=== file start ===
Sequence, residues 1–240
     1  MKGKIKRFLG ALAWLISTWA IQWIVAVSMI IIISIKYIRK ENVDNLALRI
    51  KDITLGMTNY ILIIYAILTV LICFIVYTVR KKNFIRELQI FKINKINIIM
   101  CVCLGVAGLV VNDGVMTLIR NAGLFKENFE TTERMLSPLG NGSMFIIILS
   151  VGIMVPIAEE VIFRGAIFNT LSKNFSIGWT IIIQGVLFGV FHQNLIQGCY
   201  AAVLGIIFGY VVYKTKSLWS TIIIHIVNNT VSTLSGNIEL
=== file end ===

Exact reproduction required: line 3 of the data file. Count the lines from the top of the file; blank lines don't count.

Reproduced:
    51  KDITLGMTNY ILIIYAILTV LICFIVYTVR KKNFIRELQI FKINKINIIM